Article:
Skip to main content
konrad yakabuski

Republican presidential candidate Donald Trump, for whom there are only two kinds of people in the world, would probably lump Jeremy Corbyn in with the losers. The front-runner to lead Britain's Labour Party lives like a pauper, wears socks with sandals and would nationalize anything that moves.

Despite their apparent incompatibility, however, these polar opposites in sartorial and political style have a lot in common. For starters, no one expected either to be a serious contender for his party's leadership. Each is so far out of the mainstream as to defy the rules of electability.

Yet, each has risen to the top of the pack in his party's leadership race by raising his middle finger at every convention of modern politics. Each brazenly speaks his mind. And just when you think he's said something so ridiculously verboten he could never recover, he rises five points in the next poll.

Indeed, these two are ideal candidates for the social-media age. They break the Internet with their impolitic utterances, sending the Twittersphere into endless chain reactions of retweeting and trolling. "Build the wall! Everywhere I go immigrants have our jobs," @realDonaldTrump tweets. Within seconds, another U.S. civil war erupts in a fury of 140-character bullets.

In Mr. Corbyn's case, what sets social media on fire is the nonchalance with which he proposes such eye-popping ideas as reinstating a version of Labour's Clause IV, calling for the socialization of the means of production, or introducing women-only train cars on public transit. To his millennial followers, these are new and exciting policies, rather than retreads from a failed past.

The British and American media don't know what to make of these unconventional political sensations. Both are already so sensational that it's hard even for Britain's tabloids or U.S. cable news to torque their coverage. CNN and its counterparts have given up, running Mr. Trump's rambling speeches live and unfiltered. It defies all the rules of journalistic fairness and balanced coverage.

It also obliterates any chance of Mr. Trump's rivals for the GOP nomination being seen or heard. Instead, they exist only to the extent that Mr. Trump acknowledges them with an insult. Jeb Bush is "low energy." Chris Christie is an Obama hugger. Mr. Bush has already raised more than $100-million (U.S.). But none of it can buy the free publicity Mr. Trump is enjoying.

The power brokers in Labour and the GOP are starting to panic. Republican establishment types fear the party's image has been irreparably damaged by Mr. Trump's anti-immigrant diatribes and muddled economic slogans. His vow to deport all 11 million illegal immigrants, build a wall along the entire U.S.-Mexico border and slap a 35-per-cent tariff on Mexican cars makes them cringe.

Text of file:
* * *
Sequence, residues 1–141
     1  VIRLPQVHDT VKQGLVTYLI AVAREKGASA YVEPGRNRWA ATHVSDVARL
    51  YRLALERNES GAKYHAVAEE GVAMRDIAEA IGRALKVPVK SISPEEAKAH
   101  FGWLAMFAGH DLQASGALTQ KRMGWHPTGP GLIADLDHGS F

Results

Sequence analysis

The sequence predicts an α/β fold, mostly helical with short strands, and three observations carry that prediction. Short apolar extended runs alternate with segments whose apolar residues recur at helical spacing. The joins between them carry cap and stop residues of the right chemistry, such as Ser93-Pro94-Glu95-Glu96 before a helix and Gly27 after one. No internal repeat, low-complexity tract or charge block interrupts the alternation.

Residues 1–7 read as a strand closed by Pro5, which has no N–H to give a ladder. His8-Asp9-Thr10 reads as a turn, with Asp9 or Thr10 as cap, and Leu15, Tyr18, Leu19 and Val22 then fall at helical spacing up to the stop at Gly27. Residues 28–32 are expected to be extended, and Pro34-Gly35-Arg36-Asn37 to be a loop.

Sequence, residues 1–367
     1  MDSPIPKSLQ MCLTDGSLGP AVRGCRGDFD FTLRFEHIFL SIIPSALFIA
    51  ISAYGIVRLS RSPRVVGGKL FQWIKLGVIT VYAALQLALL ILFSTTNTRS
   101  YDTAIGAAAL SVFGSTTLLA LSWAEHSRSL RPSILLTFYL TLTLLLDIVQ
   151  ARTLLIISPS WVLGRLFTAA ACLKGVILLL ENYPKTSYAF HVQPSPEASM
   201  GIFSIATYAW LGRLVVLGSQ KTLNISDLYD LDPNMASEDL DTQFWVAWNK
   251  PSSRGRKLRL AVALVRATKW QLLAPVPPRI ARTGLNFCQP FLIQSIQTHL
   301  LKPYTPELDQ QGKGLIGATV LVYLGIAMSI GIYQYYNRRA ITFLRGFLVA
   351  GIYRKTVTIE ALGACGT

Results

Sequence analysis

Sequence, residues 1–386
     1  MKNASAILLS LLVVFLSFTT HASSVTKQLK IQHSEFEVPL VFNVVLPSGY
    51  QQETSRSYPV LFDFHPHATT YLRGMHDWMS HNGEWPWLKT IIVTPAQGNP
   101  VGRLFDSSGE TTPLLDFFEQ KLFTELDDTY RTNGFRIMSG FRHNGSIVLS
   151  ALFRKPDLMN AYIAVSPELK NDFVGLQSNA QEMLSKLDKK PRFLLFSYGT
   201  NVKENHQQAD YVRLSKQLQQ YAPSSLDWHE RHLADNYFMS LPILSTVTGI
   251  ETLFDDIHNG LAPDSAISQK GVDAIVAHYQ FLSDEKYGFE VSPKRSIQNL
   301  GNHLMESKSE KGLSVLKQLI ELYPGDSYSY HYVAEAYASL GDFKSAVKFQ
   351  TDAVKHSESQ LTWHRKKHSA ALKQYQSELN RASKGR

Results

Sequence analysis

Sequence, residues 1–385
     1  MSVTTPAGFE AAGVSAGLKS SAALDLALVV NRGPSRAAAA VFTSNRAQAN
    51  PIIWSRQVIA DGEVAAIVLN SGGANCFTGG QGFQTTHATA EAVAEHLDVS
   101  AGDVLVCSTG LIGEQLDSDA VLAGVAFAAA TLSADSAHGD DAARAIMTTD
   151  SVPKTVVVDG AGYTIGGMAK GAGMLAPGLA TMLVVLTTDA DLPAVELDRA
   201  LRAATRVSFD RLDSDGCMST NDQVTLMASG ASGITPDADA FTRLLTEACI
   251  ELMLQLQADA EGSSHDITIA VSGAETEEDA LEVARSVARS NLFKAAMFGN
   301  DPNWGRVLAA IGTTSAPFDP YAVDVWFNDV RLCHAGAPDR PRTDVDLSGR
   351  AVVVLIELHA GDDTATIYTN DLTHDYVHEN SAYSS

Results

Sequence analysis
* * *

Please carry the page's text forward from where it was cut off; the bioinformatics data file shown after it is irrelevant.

Mainstream Labour MPs are similarly fearful of the marginalization that awaits their party if Mr. Corbyn becomes leader. Many have already said they would refuse to serve in his shadow cabinet. Last week, the British media was aflutter about an alleged attempt by Peter Mandelson, a key architect of Labour's move to the centre under former leader Tony Blair, to get Mr. Corbyn's three rivals to invalidate the race by all dropping out at once. It's that desperate.

What has left the Labour and Republican establishments most perplexed is that the rank and file in their respective parties appear to be willfully thumbing their noses at the lessons of recent electoral defeats. For Labour, the party's move back to the left under Ed Miliband led it to its worst defeat in 30 years in May. But Mr. Corbyn makes Mr. Miliband look like a Blair clone.

Mr. Trump's trash talk on immigration and trade resonates with white, working-class voters, a cohort coveted by the GOP. But it is also attracting plenty of undesirables to the party. When one supporter shouted "White Power" at a recent Trump rally in Alabama, no one in the crowd seemed to mind. But angry white voters are a declining share of the electorate and the GOP cannot win the White House by further alienating Hispanics, blacks and Asians. Mitt Romney already proved that.

Mr. Corbyn has similarly created fear and foreboding among Labour moderates with his controversial support for anti-Israel groups and causes. He once declared that it was his "honour and pleasure" to play host to a delegation of "our friends" from Hamas and Hezbollah at the British Parliament.

It's amazing how such different men can each, in his own way, wreck what was once a perfectly good political party.

Report an error

Editorial code of conduct